A system that uses video technology can produce other benefits as well, such as a more public court system. There has been a trend in moving courts to the inside of jails and prisons. Many criminal and habeas proceedings take place jailhouse courtrooms. Such places are either intimidating for the public to enter or have limited seating. And even the biggest courtroom can only hold so many people. And while trials are certainly broadcast live, in an era of video technology, the public could watch virtually any courtroom proceeding— not just the most salacious murder trials.
Some Modest Proposals
Arraignments, calendar calls, and non-evidentiary motions should, by default, be set up via video conferencing. Evidentiary proceedings in civil and criminal motions should be by video conferencing if all parties agree to handle matters that way. Jury trials remain in the category of proceedings that should be handled in person— particularly given current caselaw around the Confrontation Clause. Oral argument in appellate cases should be done by video conferencing upon order of the Court or upon agreement by the parties.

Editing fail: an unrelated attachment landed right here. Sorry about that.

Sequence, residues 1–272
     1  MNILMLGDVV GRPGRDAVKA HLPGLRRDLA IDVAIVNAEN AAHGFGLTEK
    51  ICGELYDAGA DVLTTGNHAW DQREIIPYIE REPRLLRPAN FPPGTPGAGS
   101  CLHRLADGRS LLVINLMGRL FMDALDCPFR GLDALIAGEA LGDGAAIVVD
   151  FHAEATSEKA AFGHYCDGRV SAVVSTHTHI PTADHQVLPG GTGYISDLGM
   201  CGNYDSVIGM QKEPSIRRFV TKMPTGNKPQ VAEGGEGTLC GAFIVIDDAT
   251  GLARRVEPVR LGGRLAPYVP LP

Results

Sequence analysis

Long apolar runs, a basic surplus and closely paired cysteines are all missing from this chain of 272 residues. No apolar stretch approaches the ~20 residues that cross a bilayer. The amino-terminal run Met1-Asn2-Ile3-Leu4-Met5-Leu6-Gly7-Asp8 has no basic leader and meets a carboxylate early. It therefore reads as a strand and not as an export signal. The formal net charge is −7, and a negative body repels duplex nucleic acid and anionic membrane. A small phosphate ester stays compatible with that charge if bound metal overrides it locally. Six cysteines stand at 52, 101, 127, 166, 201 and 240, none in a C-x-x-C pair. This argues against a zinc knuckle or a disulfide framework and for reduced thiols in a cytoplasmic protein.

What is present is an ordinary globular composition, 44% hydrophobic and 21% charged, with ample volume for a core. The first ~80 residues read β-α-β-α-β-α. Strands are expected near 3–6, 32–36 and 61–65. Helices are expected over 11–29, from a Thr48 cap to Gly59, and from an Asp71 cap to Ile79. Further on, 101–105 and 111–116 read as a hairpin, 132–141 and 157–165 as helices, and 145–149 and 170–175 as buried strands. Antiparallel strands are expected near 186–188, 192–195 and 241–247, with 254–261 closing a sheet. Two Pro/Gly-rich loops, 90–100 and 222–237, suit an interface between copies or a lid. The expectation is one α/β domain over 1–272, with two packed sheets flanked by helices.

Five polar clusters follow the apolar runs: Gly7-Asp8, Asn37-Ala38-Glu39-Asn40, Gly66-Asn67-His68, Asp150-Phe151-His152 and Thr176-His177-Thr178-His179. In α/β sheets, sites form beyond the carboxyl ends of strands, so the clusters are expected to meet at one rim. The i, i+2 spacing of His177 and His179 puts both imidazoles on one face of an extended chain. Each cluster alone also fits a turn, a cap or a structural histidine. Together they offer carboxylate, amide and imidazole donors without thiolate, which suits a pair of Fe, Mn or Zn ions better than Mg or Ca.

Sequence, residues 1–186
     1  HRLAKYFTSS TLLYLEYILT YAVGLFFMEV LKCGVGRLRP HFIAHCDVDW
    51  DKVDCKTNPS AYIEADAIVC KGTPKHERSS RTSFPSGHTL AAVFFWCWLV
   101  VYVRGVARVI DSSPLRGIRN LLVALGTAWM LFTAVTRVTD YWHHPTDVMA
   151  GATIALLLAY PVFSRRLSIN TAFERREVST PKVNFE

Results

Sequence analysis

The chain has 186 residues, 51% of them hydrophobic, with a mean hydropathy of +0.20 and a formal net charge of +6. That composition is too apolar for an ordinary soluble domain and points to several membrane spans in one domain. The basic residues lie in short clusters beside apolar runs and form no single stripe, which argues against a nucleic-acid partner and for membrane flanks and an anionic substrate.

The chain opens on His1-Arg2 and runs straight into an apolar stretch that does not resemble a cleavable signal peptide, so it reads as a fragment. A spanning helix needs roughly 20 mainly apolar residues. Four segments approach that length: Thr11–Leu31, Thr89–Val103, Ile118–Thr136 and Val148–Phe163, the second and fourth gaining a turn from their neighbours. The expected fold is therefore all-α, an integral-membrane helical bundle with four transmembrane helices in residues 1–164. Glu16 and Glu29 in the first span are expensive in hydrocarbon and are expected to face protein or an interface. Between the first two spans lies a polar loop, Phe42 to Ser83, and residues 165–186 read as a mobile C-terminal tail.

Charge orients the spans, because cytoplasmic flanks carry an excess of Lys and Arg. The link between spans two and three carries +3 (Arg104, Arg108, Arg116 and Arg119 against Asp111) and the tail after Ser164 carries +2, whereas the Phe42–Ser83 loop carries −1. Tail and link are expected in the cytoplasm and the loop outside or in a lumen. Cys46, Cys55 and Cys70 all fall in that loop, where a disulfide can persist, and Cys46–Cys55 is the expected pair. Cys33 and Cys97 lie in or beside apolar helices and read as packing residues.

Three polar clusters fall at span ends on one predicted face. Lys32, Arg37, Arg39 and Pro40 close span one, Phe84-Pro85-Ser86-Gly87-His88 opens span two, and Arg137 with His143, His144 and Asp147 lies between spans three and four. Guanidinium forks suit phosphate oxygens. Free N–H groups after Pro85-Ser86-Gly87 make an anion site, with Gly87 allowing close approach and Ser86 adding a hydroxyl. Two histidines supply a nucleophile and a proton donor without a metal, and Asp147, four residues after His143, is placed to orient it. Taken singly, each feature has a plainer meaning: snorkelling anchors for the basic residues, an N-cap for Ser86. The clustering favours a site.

The recent Co-Vid Crisis has taken away the biggest impediment to a widespread change in how we do court— the objection that we’ve never done it that way before. When the crisis is finally in the rearview mirror, we should take away a more sensible and efficient manner of handling court. It is worth mentioning that such a system would greatly improve the quality of life for attorneys and make the delivery of legal services more affordable to the public. It would be nice to handle court from the office, from home, or from practically anywhere in the world, with less time driving and more time available to devote to the actual handling of cases.
by Don Samuel
Anybody who has tried to research the question, “What does it mean when a statute says that the government must prove that the defendant acted willfully?” knows that virtually every appellate decision starts with the observation, “The term ‘willfully’ has many meanings, and its construction is often influenced by its context.” (Imagine, at this point, a string of citations a mile long). The problem is that figuring out which of “many meanings” applies for any particular statute is a crap shoot. And announcing that the meaning is “influenced by its context” provides no guidance at all.